Nurturing Bonds: Maintaining a Strong Relationship with Your Child During Their Academic Journey

Formal school is a milestone filled with excitement and nerves. However, as academic pressures mount, parent-child relationships can be strained. This heartfelt article explores the balance between fostering academic success and maintaining a loving, respectful bond with your child.

The excite­ment of a child’s first day of school is pal­pa­ble, almost tan­gi­ble in the air. It is a momen­tous occa­sion, filled with antic­i­pa­tion, nerves, and bound­less ener­gy. As the sun ris­es on each school day from there­on, it also casts a long shad­ow over par­ent-child rela­tion­ships. The bat­tle between par­ent and child ensues. Let’s be can­did here, who would not love to have a child who excels aca­d­e­m­i­cal­ly? Every child has poten­tial right? But at what cost? 

Aca­d­e­m­ic stress affects both par­ties in pro­found ways. Watch­ing them strug­gle with aca­d­e­m­ic pres­sure can evoke feel­ings of help­less­ness, guilt and frus­tra­tion. The heavy sense of respon­si­bil­i­ty for their aca­d­e­m­ic suc­cess leads to height­ened stress lev­els and strained inter­ac­tions. Over the years, my bond with my first-born was test­ed time and time again, but aca­d­e­m­ic stress only made up a slice of that pie. 

Mother’s Day 2024 was a qui­et dine-in. I had just stepped out of the war-zone that was my younger child’s first WA (weight­ed assess­ment) and was way too tired to step out for any cel­e­bra­tion. With peace final­ly restored, until the next school exam­i­na­tion, I was more than con­tent with the gift of a pack­et of Chrysan­the­mum tea bought from the school can­teen that my son had proud­ly pre­sent­ed to me a few days ear­li­er. The next gift how­ev­er, brought tears to my eyes. Along with a care­ful­ly cro­cheted whale, my first-born hand­ed me a hand-writ­ten let­ter. A time­ly reminder of what was tru­ly impor­tant and to be cher­ished- my bond with my chil­dren. 

In that let­ter, my 22 year old expressed how much she loved me and how blessed she felt to have me as her moth­er. But the tear-jerk­er was this short line, ‘ are my best friend… thank you for always respect­ing me…” 

As par­ents, we are called to make deci­sions and set the tone for our chil­dren. Being an edu­ca­tor, I have also watched how frag­ile the recip­i­ents who bear the con­se­quences of these deci­sions are. I grew up in a time where chil­dren were seen but not heard and that we were liv­ing tro­phies of parental suc­cess. How­ev­er, times have changed. In this day and age where men­tal and emo­tion­al well­be­ing of the younger gen­er­a­tion are often dis­cussed in hushed dis­tressed tones, par­ents of today need a dif­fer­ent per­spec­tive. Of course we want our off­spring to have the bright­est future pos­si­ble, to have all doors open to them. At the same time, being a par­ent also means being keep­ers to the oth­er aspects of their growth. It is a daunt­ing task to jug­gle the achieve­ments of both aca­d­e­m­ic suc­cess as well as raise a well-bal­anced and hap­py child. I do not claim to have all the answers but I know from expe­ri­ence that it can be done.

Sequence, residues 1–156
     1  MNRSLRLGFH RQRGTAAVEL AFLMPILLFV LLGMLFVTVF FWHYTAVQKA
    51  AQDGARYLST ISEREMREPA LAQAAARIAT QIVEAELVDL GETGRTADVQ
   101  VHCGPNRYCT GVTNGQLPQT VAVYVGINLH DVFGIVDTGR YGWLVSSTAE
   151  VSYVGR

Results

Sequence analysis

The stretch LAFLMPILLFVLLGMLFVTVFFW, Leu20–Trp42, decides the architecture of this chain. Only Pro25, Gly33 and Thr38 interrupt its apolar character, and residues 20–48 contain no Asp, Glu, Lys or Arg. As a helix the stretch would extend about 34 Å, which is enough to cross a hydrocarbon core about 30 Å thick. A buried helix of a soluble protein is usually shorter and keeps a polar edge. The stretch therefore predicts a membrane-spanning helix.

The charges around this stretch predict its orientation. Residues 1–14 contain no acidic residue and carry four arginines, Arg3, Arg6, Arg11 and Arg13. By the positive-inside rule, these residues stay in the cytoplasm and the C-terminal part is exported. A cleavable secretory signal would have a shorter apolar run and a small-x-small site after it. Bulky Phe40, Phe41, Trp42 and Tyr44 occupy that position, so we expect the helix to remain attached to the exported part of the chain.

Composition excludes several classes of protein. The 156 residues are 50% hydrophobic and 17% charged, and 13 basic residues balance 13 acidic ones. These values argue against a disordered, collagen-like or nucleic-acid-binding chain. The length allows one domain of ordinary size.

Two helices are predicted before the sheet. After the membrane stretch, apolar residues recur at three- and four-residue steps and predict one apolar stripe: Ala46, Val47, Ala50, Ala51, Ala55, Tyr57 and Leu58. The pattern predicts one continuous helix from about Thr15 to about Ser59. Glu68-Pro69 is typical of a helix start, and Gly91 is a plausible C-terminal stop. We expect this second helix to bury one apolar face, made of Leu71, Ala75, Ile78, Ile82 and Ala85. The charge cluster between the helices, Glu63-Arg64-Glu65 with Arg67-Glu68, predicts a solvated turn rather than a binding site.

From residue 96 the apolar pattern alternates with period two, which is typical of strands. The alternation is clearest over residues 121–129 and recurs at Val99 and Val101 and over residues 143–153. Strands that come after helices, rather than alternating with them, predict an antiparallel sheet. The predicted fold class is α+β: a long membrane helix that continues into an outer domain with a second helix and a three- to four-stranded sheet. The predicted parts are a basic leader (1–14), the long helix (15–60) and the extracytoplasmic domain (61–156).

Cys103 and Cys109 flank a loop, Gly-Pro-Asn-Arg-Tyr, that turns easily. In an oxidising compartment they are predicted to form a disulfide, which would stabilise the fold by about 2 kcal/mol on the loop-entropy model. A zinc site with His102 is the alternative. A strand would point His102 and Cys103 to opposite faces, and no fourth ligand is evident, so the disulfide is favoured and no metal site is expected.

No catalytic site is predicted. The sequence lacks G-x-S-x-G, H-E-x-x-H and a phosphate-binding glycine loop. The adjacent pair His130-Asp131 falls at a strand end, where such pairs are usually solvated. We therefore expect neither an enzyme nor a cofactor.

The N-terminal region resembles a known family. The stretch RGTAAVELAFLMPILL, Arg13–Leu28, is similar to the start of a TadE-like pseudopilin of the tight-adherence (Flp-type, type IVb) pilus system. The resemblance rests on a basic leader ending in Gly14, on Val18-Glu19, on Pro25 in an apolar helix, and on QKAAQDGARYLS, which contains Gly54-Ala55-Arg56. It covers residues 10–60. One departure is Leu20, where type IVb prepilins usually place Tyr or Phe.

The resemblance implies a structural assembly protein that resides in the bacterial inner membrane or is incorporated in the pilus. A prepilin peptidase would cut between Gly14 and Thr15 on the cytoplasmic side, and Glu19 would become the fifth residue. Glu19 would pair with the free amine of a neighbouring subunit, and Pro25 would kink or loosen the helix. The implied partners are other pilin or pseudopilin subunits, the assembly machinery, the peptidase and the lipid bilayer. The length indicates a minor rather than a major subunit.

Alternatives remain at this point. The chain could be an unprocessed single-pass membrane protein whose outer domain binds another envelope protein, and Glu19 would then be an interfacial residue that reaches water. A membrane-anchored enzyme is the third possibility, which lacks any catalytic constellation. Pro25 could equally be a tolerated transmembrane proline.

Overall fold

Respect them. Always remem­ber that your child is a per­son in their own right. How we treat them and react to them will direct­ly affect how they see them­selves. 

If a fel­low col­league did or said some­thing you felt was out of line, would you open­ly berate them in an attempt to prove you were right? Why not? Your child is not a slighter ver­sion of a human being just because of their age or size. If any­thing, their emo­tions are more ampli­fied than an adult hav­ing not been desen­si­tised by the com­ings and goings of decades lived. It is impor­tant for them to know that their opin­ions are val­ued and that their voice mat­ters. This can moti­vate them to engage more active­ly and take on chal­lenges with a pos­i­tive mind­set. When I get lost in the fray with any of my chil­dren, they call me out on it. It is nev­er dis­re­spect­ful with either tone nor choice of words and I do not think that it is beyond a par­ent to apol­o­gise for act­ing on impulse. After all we too, like our kids, are but human. So we mend fences and get on with life hav­ing avert­ed what could have been a regret­ful unpleas­ant and hurt­ful exchange.